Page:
‘Tis the season for 'Chicago dibs' on snow-shoveled parking spaces

Originally published at: http://boingboing.net/2016/12/16/tis-the-season-for-chicag.html


@chgoliz, any favorites from your neighborhood? :smiley:


Nobody managed to ‘no-totally-innocently-i-swear’ incorporate a cheerful bulking keyring motif?

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People in Pittsburgh do this too, but just with “parking chairs” .


Blessing count in progress:

217. I have a driveway.
218. And a garage.
219. Nobody's had to shovel snow in Pasadena in 80 years at least.
220. It's finally raining.

Boston folks mark spaces with folding chairs. In some parts of town, if you move chairs out of a spot that someone’s excavated, say goodbye to your tires.


Must be the whole northeast, because Philly does it too. How could this possibly be legal?


Baltimore, too, despite there being a city ordinance against “saving” parking spots. Last year I shoveled almost the whole block where I live, and there were still people putting out chairs and shovels even though they didn’t clear the spot.

Here’s an idea: Help your neighbor clear their spot, and that way nobody needs be a whiny dickhead about where others park on the street.


Yep, Baltimore is notorious for this. I moved there from Maine in '96 and my first bad experience was in '98 when my wife was pregnant with our first child. I shoveled our spots but didn’t save them, someone took them, so I moved a chair and took a neighbor’s spot for her so she wouldn’t have to walk a couple of blocks in her condition. That evening came the pounding on the door and the glaring face of the man from across the street, but I stepped aside so he could see her huge belly and he backed down after that. I was thrilled when I finally moved out of the city and had my own driveway again.


Of course instead of celebrating this bad behavior we should hold it up to the scorn it deserves.
Chicago should be ticketing the idiots who think They get to call "dibs"on public streets. Just because you had to shovel doesn’t give you title to a parking spot.
Let’s face it chum you didn’t shovel to “save your spot” but to get your damn car out.
Those who want to call out special snowflake behavior just need to point at this.


And you think that’s ok?

Yes, of course @_@

Technically, it’s not. But considering that half the people in my neighborhood who claim dibs on their space are cops, what are you gonna do?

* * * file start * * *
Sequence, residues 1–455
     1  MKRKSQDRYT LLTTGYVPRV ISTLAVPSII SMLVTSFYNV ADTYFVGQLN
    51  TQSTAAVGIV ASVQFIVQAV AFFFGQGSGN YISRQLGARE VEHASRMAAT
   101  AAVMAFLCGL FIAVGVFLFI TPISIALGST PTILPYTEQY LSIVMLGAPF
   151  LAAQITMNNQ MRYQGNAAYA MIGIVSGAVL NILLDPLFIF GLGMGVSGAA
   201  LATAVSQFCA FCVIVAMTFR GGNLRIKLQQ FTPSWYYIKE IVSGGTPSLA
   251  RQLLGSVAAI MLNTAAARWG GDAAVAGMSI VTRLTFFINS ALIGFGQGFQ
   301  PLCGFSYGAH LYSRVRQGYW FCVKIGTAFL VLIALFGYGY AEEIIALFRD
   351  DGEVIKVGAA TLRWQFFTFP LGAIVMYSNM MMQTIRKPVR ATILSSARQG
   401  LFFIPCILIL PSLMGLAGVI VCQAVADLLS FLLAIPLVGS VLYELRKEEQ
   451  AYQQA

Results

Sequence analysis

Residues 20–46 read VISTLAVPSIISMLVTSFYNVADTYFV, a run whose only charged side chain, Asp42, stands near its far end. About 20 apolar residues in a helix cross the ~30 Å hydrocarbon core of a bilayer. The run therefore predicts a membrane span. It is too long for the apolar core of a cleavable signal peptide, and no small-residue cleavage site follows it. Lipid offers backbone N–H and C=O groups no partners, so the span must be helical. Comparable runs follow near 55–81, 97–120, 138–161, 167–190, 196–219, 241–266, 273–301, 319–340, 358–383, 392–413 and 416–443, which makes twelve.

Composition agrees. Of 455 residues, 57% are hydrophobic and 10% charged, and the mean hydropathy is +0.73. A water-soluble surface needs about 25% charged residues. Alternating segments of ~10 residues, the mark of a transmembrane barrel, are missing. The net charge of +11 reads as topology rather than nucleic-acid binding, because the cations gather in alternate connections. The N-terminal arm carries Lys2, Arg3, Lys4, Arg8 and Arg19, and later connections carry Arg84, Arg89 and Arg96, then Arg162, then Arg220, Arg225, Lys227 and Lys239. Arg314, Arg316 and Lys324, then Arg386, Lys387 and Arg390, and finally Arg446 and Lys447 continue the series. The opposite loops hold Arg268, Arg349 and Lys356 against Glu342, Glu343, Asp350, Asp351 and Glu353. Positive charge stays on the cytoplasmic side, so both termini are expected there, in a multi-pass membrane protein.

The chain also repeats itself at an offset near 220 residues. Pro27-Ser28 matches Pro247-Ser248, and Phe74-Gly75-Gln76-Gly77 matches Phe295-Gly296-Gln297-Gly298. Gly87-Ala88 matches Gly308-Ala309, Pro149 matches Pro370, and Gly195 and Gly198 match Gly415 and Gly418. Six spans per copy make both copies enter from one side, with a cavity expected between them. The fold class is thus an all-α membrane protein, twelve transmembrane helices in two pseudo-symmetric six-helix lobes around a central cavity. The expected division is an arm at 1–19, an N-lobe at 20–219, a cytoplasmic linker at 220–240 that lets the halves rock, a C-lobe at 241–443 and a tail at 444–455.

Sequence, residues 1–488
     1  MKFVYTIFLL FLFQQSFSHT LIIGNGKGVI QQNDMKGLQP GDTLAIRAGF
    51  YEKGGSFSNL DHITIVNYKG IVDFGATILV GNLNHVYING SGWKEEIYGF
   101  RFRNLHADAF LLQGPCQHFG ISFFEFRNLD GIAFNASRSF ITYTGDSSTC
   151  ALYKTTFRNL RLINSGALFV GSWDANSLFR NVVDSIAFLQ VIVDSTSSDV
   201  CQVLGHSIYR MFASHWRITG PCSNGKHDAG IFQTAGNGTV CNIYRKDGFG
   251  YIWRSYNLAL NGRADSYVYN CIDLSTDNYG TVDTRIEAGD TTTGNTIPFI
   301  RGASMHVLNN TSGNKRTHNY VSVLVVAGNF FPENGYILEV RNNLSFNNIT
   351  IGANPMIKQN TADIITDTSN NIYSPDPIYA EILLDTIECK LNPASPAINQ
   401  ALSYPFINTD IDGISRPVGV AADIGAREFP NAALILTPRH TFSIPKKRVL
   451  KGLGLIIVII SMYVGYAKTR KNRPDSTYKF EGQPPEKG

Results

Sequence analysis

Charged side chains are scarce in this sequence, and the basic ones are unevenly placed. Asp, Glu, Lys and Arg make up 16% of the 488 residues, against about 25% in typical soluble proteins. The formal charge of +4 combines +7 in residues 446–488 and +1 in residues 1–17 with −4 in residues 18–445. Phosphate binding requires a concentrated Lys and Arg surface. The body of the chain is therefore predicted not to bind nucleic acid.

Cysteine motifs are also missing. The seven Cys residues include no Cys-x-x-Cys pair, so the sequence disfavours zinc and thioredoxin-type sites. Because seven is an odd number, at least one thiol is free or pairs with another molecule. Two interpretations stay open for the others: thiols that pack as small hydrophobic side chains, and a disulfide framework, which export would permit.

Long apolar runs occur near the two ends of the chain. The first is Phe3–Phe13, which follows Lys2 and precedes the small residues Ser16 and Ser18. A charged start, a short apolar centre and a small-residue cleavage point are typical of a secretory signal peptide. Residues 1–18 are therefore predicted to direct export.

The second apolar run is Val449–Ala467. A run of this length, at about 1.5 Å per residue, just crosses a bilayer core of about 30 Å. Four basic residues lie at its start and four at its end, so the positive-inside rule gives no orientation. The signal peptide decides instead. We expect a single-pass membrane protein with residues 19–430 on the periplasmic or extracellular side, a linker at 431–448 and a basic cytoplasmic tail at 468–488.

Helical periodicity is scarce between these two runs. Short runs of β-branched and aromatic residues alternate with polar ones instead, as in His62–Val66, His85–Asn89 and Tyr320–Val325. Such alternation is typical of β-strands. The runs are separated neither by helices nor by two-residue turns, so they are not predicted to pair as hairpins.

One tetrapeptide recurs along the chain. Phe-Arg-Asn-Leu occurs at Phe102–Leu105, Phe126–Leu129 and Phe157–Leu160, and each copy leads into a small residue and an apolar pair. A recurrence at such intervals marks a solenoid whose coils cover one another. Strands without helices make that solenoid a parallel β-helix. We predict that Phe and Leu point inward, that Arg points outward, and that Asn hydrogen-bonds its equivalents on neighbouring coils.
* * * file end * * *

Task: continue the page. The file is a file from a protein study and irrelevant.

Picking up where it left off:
No. I’m not celebrating people slashing tires or keying cars. I’m not sure why you thought I was.

I’m saying there’s some lousy parts of town (I’m looking at you, Southie) where people are ridiculously ruthless about something as simple as a parking spot. The city’s passed ordinances against saving spots with cars, and in my part of town it’s rarely done anymore – everyone comes out and digs out each others’ spots, and we share coffee and/or some whiskey to keep us warm.

The one time that saving spots in my area was acceptable was a few years back when “Snowmageddon” hit. When you’ve just spent an hour clearing three feet of ice and snow to make a parking space with the help of your neighbors, everyone agrees that you’re entitled to save it for your use.


Yes, I’m sure every snow-bound city does this.

I was always opposed to it, even went out of my way to dig out other spots, but even I gave up eventually.


Absolutely. Stealing a spot in Boston means you’re preventing someone from actually being able to get home. It’s not like you can park in the middle of the street and shovel out a new spot, if there even is enough room to do it. Managing snowstorms in the city is all about working together, and anyone who violates the contract that makes society possible needs a little reminder that it’s unacceptable.

I only think it’s acceptable during the big storms though, if you’re doing this over less than a foot of snow you’re obviously just a huge asshole because if it’s only a tiny bit of snow like that you’re supposed to work with your neighbours to clear the whole street, not just selfishly clear your own spot.


I’ve found that staying warm isn’t the problem, it’s staying sober enough to finish the job at hand. Shoveling snow with coffee? No way! That’s what beer is for! The snow holds the glass nicely and keeps the beer cool, and if you work with a growler and not a glass/bottle of beer (“Bottle of beer…bottle of beer…”), then there’s no issue with refills!


Do I ticket the reindeer sawhorse or yell “gotcha!” when someone parks there?



During Snowmageddon, my downstairs neighbor brought out a bottle of rye whiskey and shoved it in a snowbank for communal sipping. That was a fun morning. We probably followed it with Dunkies, because, well, Boston.